You don't have to be certified in cardiopulmonary resuscitation (CPR) to save the life of someone who collapses from sudden cardiac arrest. In fact, the American Heart Association (AHA) has simplified CPR recommendations so that almost any bystander can do CPR using a hands-only method.
If you see an adult suddenly collapse, call 911, then start chest compressions. Put the heel of one hand in the center of the chest, place the other hand on top of it and push hard and fast — about 100 times a minute. Don't stop until help arrives.
Currently, only one in four people who experience sudden cardiac arrest receive CPR from bystanders. Experts believe that many people shy away from doing CPR because they feel uncomfortable with mouth-to-mouth breathing or fear they will cause additional harm.
The AHA says hands-only CPR is safe and works just as well for adults as the conventional technique that alternates rescue breathing with chest compressions.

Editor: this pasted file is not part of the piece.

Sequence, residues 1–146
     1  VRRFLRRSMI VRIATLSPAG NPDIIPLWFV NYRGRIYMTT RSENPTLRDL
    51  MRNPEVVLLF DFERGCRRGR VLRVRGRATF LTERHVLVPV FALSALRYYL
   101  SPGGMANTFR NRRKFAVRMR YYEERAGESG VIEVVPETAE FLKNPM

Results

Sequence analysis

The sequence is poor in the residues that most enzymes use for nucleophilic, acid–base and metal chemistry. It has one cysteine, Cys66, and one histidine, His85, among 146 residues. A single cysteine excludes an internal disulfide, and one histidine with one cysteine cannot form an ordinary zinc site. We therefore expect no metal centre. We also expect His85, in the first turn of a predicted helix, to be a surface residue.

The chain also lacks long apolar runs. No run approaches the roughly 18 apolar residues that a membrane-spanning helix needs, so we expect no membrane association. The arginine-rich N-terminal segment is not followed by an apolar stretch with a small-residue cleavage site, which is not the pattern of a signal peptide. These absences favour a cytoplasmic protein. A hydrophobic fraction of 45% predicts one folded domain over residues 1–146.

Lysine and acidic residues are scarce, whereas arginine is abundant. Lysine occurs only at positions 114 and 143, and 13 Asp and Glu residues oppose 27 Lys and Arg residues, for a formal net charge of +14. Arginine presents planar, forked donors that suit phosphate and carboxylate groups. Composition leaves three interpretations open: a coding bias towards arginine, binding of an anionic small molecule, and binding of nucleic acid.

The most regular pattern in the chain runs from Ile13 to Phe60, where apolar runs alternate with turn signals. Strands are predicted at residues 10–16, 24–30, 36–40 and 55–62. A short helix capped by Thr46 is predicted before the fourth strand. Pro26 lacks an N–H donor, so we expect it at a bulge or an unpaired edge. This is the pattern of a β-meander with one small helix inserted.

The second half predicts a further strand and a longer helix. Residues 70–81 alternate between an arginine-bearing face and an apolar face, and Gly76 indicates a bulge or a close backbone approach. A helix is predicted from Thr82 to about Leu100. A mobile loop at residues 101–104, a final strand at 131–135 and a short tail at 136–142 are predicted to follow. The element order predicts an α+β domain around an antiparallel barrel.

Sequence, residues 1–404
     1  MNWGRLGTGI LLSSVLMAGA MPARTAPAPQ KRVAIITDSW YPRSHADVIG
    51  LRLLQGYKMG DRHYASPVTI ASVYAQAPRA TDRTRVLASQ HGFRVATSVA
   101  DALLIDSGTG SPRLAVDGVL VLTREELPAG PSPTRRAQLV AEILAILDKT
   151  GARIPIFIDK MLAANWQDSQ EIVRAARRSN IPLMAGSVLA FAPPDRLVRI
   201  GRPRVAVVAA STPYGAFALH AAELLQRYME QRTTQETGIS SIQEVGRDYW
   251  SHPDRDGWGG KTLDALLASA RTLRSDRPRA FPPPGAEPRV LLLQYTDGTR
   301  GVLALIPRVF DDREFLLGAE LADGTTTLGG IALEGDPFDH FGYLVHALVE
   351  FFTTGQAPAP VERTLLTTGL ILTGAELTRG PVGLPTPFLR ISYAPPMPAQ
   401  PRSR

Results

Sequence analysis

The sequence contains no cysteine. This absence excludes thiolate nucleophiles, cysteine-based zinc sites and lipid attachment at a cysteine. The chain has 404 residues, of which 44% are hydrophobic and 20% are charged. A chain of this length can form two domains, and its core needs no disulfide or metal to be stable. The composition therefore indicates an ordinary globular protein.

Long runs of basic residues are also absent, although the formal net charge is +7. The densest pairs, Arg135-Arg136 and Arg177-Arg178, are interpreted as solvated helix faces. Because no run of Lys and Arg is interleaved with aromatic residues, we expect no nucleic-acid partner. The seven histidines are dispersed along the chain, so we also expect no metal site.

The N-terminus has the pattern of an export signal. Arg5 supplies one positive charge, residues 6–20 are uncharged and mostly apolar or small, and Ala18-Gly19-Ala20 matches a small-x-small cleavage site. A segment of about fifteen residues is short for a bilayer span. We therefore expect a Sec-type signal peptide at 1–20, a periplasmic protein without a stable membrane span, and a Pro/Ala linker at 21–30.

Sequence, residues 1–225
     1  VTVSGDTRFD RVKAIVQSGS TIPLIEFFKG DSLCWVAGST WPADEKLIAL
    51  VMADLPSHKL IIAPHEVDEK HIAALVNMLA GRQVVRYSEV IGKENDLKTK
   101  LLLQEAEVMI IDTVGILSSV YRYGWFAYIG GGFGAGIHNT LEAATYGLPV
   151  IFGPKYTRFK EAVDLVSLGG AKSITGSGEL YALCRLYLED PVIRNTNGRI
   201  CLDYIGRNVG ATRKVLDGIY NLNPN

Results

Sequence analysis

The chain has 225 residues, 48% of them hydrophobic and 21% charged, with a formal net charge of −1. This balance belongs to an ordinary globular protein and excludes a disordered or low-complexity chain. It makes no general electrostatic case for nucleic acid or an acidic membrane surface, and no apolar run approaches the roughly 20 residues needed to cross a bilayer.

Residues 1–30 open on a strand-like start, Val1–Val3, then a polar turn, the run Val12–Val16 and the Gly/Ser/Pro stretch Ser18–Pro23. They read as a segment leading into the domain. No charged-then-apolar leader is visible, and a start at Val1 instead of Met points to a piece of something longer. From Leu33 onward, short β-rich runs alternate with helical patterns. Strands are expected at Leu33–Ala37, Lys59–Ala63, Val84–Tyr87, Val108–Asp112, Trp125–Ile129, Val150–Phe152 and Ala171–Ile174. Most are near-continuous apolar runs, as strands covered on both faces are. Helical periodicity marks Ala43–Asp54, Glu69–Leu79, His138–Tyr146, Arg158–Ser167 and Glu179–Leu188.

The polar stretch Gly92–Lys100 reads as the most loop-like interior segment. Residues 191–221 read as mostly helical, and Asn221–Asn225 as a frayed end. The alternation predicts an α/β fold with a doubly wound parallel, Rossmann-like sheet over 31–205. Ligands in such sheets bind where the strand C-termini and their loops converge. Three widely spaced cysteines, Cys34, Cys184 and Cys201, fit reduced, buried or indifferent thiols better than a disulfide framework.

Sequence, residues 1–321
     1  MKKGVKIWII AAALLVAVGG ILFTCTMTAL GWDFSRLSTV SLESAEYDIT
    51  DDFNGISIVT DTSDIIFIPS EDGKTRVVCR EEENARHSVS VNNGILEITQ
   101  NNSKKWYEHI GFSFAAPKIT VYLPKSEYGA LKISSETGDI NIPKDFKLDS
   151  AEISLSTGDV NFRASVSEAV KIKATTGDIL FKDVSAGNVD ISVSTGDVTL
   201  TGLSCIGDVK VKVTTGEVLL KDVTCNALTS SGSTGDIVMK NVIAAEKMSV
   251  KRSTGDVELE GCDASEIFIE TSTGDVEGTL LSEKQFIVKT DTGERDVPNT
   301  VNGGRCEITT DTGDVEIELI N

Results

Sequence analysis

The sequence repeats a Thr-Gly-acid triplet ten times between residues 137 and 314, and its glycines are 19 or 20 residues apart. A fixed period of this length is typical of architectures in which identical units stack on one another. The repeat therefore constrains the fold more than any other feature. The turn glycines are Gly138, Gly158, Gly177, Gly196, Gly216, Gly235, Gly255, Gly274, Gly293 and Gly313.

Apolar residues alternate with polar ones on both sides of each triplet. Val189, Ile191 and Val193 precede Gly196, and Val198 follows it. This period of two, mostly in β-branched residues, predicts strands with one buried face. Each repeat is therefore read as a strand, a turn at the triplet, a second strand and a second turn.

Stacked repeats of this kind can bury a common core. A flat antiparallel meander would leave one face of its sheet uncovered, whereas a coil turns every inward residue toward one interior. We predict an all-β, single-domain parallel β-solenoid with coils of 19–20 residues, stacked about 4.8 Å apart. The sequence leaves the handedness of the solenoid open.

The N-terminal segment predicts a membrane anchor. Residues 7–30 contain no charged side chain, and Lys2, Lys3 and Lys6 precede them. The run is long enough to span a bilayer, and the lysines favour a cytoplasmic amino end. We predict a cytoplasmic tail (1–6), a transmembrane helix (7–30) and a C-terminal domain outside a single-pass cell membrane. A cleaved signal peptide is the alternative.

A five-year program in Arizona that encouraged the hands-only method helped push the rate of bystander involvement from 28 percent in 2005 to 40 percent in 2009.
Even more important, cardiac arrest victims who got hands-only CPR were 1 1/2 times more likely to survive the episode than those who received conventional CPR.
Conventional CPR is still recommended for infants and children, as well as victims of drowning, drug overdose or a collapse due to breathing problems. To see how to save a life with hands-only CPR, watch a brief video online at www.handsonlycpr.org.